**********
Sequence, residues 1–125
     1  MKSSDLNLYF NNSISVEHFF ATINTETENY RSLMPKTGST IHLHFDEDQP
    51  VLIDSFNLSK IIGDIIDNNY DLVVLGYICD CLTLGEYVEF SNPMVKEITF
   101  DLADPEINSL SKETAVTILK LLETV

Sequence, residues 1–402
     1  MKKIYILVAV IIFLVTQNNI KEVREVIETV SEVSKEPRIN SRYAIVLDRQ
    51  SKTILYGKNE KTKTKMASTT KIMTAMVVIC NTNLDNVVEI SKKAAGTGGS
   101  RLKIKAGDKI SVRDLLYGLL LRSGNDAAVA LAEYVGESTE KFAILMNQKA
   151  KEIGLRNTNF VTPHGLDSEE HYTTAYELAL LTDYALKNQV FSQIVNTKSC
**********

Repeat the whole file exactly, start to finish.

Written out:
Sequence, residues 1–125
     1  MKSSDLNLYF NNSISVEHFF ATINTETENY RSLMPKTGST IHLHFDEDQP
    51  VLIDSFNLSK IIGDIIDNNY DLVVLGYICD CLTLGEYVEF SNPMVKEITF
   101  DLADPEINSL SKETAVTILK LLETV

Sequence, residues 1–402
     1  MKKIYILVAV IIFLVTQNNI KEVREVIETV SEVSKEPRIN SRYAIVLDRQ
    51  SKTILYGKNE KTKTKMASTT KIMTAMVVIC NTNLDNVVEI SKKAAGTGGS
   101  RLKIKAGDKI SVRDLLYGLL LRSGNDAAVA LAEYVGESTE KFAILMNQKA
   151  KEIGLRNTNF VTPHGLDSEE HYTTAYELAL LTDYALKNQV FSQIVNTKSC